You submitted nominations for awards given to the Valley's emerging creatives and the results are in. Introducing our 2014 Big Brain finalists.
Mike Kennedy is too pretty for Tent City. At least, that's how sells it on stage, in between telling tales of ecstasy-fueled orgies in Reno, getting a DUI on national television, and relating to his half-Hispanic teenage daughter.
Video by Evie Carpenter.
Kennedy's career path to stand-up comedy hasn't exactly been a straightforward trajectory. The Wisconsin-born 44-year-old funnyman moved to Arizona shortly after college in his 20s. He majored in political science and planned to pursue the next logical step: law school. But, like many aspects of Kennedy's life, things didn't go as expected.
Between working for the man and ultimately working for himself, Kennedy stumbled through as many story-worthy situations as he did substances, ultimately finding a home for all of them in his stand-up performances.
"[The] biggest challenge with stand-up is finding out who I am," Kennedy says. "I think that's a problem outside of comedy too though. It's a continuing struggle for me."
That journey of finding himself led Kennedy through decades of various jobs, including working as the in-between guy for a repo man in the late '90s, catching shoplifters in department stores, driving a taxicab, and eventually getting licensed as a private investigator, a job that proved Kennedy had a knack for calling other people out on their shit.
"My jokes come from my life," Kennedy says, reflecting on his past experiences and, incidentally, the main source of his comedic material. "I've never really been interested in doing things the way I was told. I have lately been interested in finding out why people do things. Not what they tell other people, but the actual reason they do things. When I meet people, I can sometimes ask too many personal questions. I guess I'll always be a private investigator in that sense."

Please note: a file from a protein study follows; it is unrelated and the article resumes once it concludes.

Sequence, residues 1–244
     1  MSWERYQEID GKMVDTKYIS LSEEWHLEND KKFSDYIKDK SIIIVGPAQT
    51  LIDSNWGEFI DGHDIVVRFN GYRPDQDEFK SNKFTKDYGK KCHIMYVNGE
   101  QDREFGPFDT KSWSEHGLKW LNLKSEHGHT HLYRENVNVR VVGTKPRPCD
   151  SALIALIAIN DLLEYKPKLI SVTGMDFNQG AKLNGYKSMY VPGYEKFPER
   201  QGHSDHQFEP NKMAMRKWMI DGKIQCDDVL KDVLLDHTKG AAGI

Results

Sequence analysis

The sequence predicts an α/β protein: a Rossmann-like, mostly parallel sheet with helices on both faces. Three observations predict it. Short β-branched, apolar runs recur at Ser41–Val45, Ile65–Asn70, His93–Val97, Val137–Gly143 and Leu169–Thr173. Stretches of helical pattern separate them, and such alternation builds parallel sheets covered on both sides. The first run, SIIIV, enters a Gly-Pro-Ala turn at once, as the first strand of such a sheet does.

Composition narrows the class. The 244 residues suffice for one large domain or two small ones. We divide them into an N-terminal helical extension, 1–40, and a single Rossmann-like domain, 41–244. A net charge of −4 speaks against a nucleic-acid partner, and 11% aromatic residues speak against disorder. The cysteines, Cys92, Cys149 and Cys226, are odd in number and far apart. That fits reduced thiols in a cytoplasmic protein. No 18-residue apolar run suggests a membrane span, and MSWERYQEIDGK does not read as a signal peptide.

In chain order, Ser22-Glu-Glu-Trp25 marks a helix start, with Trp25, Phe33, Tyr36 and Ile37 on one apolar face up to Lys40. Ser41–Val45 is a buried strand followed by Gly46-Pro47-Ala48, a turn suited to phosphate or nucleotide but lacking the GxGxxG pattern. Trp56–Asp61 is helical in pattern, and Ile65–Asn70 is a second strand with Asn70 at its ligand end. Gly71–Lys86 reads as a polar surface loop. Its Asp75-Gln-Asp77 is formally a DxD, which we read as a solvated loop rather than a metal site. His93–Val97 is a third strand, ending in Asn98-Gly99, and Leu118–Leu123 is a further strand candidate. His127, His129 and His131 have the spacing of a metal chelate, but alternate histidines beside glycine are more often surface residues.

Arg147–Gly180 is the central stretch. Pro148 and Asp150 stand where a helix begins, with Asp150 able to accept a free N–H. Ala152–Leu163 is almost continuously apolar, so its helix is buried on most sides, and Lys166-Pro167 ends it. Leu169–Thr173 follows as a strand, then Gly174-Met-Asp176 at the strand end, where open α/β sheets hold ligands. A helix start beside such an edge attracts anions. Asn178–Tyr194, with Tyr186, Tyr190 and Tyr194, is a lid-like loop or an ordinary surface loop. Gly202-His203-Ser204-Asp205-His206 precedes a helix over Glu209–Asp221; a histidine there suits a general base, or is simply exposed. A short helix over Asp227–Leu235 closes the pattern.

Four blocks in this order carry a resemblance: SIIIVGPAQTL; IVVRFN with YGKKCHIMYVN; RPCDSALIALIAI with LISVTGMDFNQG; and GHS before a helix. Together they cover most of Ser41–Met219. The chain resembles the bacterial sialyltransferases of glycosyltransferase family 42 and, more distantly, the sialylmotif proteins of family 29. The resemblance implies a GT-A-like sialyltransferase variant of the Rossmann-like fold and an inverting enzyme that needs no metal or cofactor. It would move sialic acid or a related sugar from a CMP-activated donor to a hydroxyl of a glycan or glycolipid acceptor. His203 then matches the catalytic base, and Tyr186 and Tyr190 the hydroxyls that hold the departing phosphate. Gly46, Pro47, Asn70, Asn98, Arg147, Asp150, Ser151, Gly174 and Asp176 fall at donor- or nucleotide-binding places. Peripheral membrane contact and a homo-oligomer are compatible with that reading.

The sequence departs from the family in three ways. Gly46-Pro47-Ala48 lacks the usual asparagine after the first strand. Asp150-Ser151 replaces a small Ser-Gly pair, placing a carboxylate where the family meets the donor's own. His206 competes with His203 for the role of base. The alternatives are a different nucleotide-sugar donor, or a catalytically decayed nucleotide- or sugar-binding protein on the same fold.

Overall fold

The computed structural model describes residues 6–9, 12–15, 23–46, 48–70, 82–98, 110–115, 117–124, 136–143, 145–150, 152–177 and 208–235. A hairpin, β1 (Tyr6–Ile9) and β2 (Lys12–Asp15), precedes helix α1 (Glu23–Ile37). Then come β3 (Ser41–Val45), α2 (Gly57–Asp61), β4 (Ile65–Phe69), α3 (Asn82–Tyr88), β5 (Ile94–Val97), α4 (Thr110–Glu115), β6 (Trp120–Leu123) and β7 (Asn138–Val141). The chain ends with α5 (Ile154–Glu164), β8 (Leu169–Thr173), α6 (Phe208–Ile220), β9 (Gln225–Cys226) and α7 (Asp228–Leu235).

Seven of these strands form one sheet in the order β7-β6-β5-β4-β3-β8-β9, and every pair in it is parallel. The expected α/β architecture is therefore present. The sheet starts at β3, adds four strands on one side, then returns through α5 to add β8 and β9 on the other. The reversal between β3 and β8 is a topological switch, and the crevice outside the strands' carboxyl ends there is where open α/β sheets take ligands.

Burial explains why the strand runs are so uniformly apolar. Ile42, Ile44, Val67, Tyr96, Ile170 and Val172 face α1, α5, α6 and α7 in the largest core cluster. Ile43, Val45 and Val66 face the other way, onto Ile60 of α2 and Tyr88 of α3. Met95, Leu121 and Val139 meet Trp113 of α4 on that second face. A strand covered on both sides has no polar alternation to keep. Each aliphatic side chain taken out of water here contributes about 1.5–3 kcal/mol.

But it's that interaction with others that gets Kennedy the big laughs. He constantly puts himself in situations that most people only feel comfortable experiencing from a distance. Standing as a perfect example of this is a photo of Kennedy with Sheriff Joe Arpaio, which he uses as the main image for his Facebook fan page.
"A friend of mine asked me if I wanted to roast Sheriff Joe at The Phoenician," Kennedy says. "I had a DUI in 2005. So the idea of meeting him and making fun of him was really appealing to me. I spoke with him for 45 minutes backstage. I talk about it in my act."
That act is the ideal warmup for any traveling comedian performing at such local establishments as Stand-Up, Scottsdale! and Stand Up Live. And, despite having only started his stand-up career in 2007, Kennedy has quickly been evolving from crowd-pleaser to crowd-bringer.
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"Comedy seemed a natural extension of what I had been doing my whole life," Kennedy says. "I've always been a storyteller who wasn't big on whether or not something was accurate as long as it was interesting and/or funny."
Artopia will take place from 8 p.m. to midnight Friday, April 25, at Bentley Projects in downtown Phoenix. Tickets are $25 in advance and $35 the day of the event. See more at www.phoenixnewtimes.com/bigbrainawards.